No one expects to be in a motor vehicle accident. Unfortunately, you’re at risk whenever you get into a car. All drivers have a responsibility to be as safe as they can be on the road, but in the instance that you are in a motor vehicle accident, you need to be prepared with a plan of action.
What Kind of Claims Are Commonly Made in Motor Vehicle Accidents?
Motor vehicle accidents are frightening and messy events, and seeking financial settlements from any of the parties involved can quickly become complicated. That’s why before you seek any legal action, you should consult with a trusted law firm, such as Warren Allen LLC. Determining the extent of damages to claim, as well as who should be named in any claims, is best left to the professionals. When it comes to understanding the basics of the claims, the most important things for you to know are the different kinds of damages that can have legal standing. You’re your best advocate when assessing any financial or material loss, so it’s best to be armed with the knowledge of what claims are available to you.
Property Damage Claims
In the event of a collision, insurance can help cover the costs associated with lost or damaged property. Depending on the coverage provided and the extent of the damage, your damages may exceed the amount covered by the policy.
1. Damage to Your Vehicle
After any motor vehicle accident, take your car to a mechanic or garage you trust to get an estimate of the cost of repairs. If the estimate goes beyond any insurance payments, you may be able to seek a claim to cover the remaining bill.
2. Damage to Your Possessions
If any of your possessions have been damaged due to another driver’s negligence beyond the amount that insurance will cover, you may be able to make property damage claims. You shouldn’t expect to be able to make a claim for every single item in your vehicle, but any larger or more expensive items that were damaged or lost in the incident may present a more solid case.
Personal Injury Claims
Often, the more costly expenses from motor vehicle accidents are related to personal harm or injury. This is because injuries sustained from motor vehicle accidents can have a much longer-lasting financial impact, often due to medical treatment or physical recovery. Claims of this nature can cover a wide variety of expenses, so it’s worth keeping them in mind.
1. Medical Expenses
Depending on the severity of injuries suffered by you or anyone else in your vehicle, a motor vehicle accident can result in rapidly building medical bills. Sometimes these bills are covered by either your or the other driver’s insurance, but in the event of more serious injuries, the cost may go far beyond any coverage. Emergency room visits, diagnostic tests like scans or x-rays, and even ambulance rides can quickly balloon medical costs.
Even after the initial emergency room visit, you may be facing even more medical bills for future treatment. Follow up visits, prescriptions, or even surgery may end up becoming necessary, and that’s if there’s a clear path to recovery. In the worst-case scenario, you may end up suffering from a chronic condition due to the collision. Obviously, if you’re recovering from severe physical trauma, you should by no means sacrifice your health for financial reasons. If your current and future medical expenses are growing way beyond your control, you may be able to cover it through a legal claim.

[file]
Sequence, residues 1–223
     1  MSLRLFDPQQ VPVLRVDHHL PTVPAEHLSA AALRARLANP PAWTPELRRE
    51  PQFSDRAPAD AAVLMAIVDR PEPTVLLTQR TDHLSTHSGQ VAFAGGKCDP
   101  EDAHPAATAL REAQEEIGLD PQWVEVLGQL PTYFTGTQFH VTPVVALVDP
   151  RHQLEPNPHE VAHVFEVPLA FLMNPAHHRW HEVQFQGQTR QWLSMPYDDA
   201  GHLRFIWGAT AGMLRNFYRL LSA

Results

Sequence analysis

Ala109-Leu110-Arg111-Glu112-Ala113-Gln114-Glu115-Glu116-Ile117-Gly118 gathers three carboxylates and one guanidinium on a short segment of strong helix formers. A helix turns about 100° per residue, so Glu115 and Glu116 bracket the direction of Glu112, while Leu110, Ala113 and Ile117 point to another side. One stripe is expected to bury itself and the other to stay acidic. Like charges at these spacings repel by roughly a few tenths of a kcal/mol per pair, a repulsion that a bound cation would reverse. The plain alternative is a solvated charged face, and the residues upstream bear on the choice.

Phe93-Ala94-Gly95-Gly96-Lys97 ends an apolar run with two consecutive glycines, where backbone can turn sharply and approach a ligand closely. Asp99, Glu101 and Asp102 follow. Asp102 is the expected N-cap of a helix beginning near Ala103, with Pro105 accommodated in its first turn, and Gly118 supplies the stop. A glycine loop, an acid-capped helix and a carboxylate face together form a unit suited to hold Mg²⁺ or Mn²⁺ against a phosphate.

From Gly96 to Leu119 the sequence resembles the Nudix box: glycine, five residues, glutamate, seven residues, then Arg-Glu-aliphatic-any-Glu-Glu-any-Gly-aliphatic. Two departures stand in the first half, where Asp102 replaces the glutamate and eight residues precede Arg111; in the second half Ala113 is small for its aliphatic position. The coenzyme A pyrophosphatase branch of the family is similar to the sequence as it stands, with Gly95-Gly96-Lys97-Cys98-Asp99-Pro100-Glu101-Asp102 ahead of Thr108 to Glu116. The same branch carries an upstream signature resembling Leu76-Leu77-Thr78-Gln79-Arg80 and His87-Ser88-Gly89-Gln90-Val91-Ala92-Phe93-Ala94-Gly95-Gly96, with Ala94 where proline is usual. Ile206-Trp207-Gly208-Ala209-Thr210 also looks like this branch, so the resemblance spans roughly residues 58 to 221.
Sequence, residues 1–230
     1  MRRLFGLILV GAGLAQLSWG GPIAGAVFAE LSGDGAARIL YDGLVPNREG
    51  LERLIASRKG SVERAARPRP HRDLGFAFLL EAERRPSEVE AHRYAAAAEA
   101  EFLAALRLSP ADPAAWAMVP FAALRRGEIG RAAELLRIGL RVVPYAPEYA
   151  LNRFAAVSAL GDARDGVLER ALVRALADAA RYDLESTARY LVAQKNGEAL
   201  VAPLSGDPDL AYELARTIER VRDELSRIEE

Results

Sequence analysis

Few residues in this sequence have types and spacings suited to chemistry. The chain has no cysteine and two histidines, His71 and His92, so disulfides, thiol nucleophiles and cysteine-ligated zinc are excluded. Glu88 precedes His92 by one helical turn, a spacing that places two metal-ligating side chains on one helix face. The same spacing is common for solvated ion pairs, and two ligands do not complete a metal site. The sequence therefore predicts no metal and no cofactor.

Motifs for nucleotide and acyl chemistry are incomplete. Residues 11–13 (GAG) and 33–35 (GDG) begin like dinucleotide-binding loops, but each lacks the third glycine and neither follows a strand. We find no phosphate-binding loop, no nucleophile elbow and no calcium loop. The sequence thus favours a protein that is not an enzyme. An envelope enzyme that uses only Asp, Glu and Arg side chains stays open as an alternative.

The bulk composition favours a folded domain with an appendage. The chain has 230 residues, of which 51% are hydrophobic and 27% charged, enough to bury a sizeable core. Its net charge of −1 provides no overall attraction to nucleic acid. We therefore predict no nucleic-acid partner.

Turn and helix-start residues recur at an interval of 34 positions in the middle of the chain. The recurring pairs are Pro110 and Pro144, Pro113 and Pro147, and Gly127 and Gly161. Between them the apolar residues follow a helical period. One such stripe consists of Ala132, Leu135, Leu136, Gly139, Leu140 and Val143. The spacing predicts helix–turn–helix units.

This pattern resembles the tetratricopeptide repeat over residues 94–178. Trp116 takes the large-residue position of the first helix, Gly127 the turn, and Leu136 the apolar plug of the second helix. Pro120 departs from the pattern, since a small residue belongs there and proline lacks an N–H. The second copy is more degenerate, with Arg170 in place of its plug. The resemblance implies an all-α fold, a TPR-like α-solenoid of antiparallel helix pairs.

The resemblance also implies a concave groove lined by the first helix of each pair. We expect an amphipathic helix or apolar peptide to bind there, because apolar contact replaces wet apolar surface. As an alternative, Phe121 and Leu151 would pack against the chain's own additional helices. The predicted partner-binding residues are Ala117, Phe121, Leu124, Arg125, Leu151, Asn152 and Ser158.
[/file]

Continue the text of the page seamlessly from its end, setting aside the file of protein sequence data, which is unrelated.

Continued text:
2. Physical Therapy Costs
Similar to medical costs, any physical therapy that you need to receive due to a motor vehicle accident may be covered through a legal claim. This can extend to any rehabilitation to regain physical capabilities you may have lost in the course of the collision, as well as any assistive devices, such as crutches or a wheelchair.
3. Loss of Income
Beyond the straightforward expenses for medical services or physical therapy, you may also be entitled to compensation for wages lost due to a motor vehicle accident. While many insurance plans offer wage replacement funds for individuals who are unable to return to work for medical reasons, it may not be enough to cover the entirety of lost wages. If you end up unable to work for an extended period of time due to a collision, you may be able to make a claim to cover said lost wages. This can extend beyond any wages lost before going to court as well.
If it’s determined that you will be out of work for an extended period of time into the future, you may qualify for additional compensation. This is legally termed as “lost earning capacity,” referring to the income a person will lose due to their inability to return to work in the future. If you’re unable to return to work for some time, or if you’re unable to return to your job at all due to injuries sustained, you may be able to seek a claim to cover the financial loss.
What Should I Do If I’m in a Motor Vehicle Accident?
If you’ve ever been unfortunate enough to be in an accident, you know how confusing and chaotic those first few minutes can be. The best way to walk away from a motor vehicle accident is to already have a concrete plan of action in mind whenever you get into a car.
The first and most important thing to do after a collision is to pull over and assess any injuries. If no one is in immediate need of your help, waste no time in calling 911. Even if you think there are no serious injuries, it’s critical you get professional aid to the scene of the collision.
After that, exchange information with the other driver and document, document, document! It’s extremely important you get a clear picture of the scene and damage in the moment, both for insurance reasons and for any potential legal claims you may end up making. If you aren’t sure whether or not you have a case, reach out to a reputable legal counsel. Motor vehicle accidents are horrible ordeals, but you don’t have to face the aftermath alone.